Western Intercollegiate

April 20, 2011 · James Blog
16 pasatiemp

Western Intercollegiate, Pasatiempo GC – 73, 72, 75 (+10), T33

Following a T9 finish at the ASU Thunderbird, I felt my game was improving nicely and was confident going into the Western Intercollegiate, hosted by San Jose State at the famed Alister Mackenzie designed, Pasatiempo Golf Club. The field was strong, with several top 10 teams including national champs Augusta State. The course was set up in true Mackenzie style, with fast sloping greens acting by far as the course’s greatest form of defense. The format was pretty strange, as 2 players from each team were paired together and paired with another 2 from another team. We were drawn with 5th ranked San Diego State, and I played with teammate Oscar Zetterwall, Englishman Tom Berry and Alex Kang.

In the practice round I did much chipping and putting around the greens, as it was evident managing the greens well would be the key to success. Unfortunately, one practice round was not enough and despite my attempts to get to grips with the place in the practice round I simply was not prepared for the greens and the pins. I stuttered through round 1, falling to +5 after 12 holes. I did recover somewhat with a couple of birdies and posted 73 to at least remain in the tournament. I had actually played decent golf, but the pin positions had caught me out and I finished the round frustrated at getting so little out of a pretty solid performance. One of MacKenzie’s favourite all-time holes is the 16th hole (pictured) which has unquestionably the most severely sloped green in competitive golf worldwide. The 16th at North Berwick has a half-pipe in the middle of it, but even that doesn’t compare to this monstrosity of a green. Somehow I played the hole in even par for the week, but without a couple of 15-foot putts and a nice lag from 50 feet, that could have been a couple more.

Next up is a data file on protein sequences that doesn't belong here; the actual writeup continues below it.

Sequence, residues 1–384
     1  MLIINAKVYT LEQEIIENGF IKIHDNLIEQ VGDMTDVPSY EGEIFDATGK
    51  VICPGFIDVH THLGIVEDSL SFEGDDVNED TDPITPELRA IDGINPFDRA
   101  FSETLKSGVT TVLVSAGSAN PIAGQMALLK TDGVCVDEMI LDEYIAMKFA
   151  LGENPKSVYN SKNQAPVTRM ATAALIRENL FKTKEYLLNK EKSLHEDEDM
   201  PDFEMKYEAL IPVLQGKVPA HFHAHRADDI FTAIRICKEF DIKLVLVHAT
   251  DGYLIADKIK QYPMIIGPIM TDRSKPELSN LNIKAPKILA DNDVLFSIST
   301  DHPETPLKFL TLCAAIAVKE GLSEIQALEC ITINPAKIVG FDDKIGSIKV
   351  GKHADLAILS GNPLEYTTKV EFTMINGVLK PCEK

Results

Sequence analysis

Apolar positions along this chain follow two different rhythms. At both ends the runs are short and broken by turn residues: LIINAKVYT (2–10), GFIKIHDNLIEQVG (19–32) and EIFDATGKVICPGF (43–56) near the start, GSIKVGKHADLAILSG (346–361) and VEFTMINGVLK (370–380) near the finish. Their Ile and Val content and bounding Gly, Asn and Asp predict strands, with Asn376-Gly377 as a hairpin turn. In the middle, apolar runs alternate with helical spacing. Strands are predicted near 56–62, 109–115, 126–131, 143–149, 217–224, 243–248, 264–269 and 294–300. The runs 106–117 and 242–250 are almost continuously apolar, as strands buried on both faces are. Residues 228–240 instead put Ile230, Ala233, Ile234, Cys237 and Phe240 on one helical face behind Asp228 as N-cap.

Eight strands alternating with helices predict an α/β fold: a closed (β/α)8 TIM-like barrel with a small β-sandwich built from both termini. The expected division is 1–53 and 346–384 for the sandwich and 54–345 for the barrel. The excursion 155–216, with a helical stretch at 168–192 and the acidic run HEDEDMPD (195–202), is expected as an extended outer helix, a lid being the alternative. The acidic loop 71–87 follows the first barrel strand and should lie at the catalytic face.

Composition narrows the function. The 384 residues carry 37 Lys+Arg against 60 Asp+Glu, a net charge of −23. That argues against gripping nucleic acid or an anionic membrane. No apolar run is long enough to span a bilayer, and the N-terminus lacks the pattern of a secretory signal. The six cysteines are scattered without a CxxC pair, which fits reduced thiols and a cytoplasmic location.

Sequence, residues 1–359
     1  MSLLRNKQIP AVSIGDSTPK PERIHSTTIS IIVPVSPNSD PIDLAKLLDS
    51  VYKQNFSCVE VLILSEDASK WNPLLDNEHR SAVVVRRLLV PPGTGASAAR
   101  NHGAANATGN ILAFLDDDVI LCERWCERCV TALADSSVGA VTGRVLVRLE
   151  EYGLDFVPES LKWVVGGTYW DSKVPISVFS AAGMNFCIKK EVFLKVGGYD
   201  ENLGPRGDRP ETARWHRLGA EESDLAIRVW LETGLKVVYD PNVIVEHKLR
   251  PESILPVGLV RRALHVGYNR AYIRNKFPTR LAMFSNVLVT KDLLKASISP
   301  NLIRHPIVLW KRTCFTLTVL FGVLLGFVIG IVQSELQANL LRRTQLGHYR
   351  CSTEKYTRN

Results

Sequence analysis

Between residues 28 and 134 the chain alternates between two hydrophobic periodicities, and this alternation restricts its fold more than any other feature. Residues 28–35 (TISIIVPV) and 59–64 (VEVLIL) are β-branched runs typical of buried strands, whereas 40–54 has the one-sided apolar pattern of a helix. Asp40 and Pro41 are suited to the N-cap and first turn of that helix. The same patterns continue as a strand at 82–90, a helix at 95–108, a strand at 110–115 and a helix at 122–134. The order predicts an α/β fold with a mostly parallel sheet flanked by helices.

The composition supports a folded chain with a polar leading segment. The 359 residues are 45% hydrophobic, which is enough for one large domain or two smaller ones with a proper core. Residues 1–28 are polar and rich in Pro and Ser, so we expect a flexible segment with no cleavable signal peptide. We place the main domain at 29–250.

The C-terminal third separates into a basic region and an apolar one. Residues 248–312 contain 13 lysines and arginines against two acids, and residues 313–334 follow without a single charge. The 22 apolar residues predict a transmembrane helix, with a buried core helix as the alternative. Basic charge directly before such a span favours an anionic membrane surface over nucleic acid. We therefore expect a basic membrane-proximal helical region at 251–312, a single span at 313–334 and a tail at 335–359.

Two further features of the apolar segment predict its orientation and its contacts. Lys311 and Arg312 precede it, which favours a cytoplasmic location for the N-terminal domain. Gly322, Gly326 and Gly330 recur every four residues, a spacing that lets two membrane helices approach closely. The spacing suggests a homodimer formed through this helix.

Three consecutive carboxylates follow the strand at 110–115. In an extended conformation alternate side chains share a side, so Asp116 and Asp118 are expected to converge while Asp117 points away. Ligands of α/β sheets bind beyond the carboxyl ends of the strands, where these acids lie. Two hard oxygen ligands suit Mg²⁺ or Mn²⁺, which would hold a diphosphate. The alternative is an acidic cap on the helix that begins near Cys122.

Round 2 saw more severe pins, and bumpier greens. The poa annua grass on the greens ran smoothly in the morning, but with so many players trundling their spikes over them during the course of the day, spike marks were popping up all over the place as the shadows lengthened. My putting for the most part was solid, but I was leaving the ball in the wrong positions, often after good shots, and leaving myself very little chance of 2 putting. I played steady golf all afternoon in the 2nd round and made only 1 real error, but it came on my 15th hole, the 11th, the hardest on the course with an average of 4.74, and it cost me a triple-bogey. Before then, I had played solid par golf and only dropped 1 shot courtesy of an inexcusable pin location on hole 8, a par three only requiring a 7 iron but with a green so severe the best the entire field could do on average was a miserable 3.49. A 2 hour fog delay in the morning meant the 2nd round was never likely to be completed and sure enough, 1 hole after my crippling mistake, we called it a day. I had only hit a couple of poor tee shots all day, and my iron play had been steady, but my lack of course knowledge gave me very little chance of creating meaningful birdie opportunities. Rather, every time I thought I hit a good shot, I was left with 15 feet for birdie with 10 feet of break. Never mind birdies, the only thing on my mind was to somehow escape with par.

I started the final round strongly, beginning with a par at 15 and somehow making birdie at 16. I consolidated it with a few pars to start the front nine, but soon began to drop shots and couldn’t stop the leaking. With the pins even worse than the previous 2 days, often in simply unreachable locations, I found myself in the wrong position time and time again, and was unable to build any kind of momentum. The course, in essence, ate me up, not as a result of poor play but as a result of poor positioning. It gave me a feel of what it must be like to play Augusta, the most famous of Mackenzie’s courses, which was designed with Pasatiempo in mind. I finished the round with another bogey to shoot a miserable 75, and I finished in the middle of the pack in 33rd.

PAC-10s is coming up in roughly a week, hosted by Stanford at their difficult University course. The same 6 players will travel and hopefully we can lift the spirits and put in the kind of performance we are capable of. If everyone is well prepared and on top of their game, there is no reason Jesper and I cannot be part of another conference winning team.

Thanks for reading. Go Devils!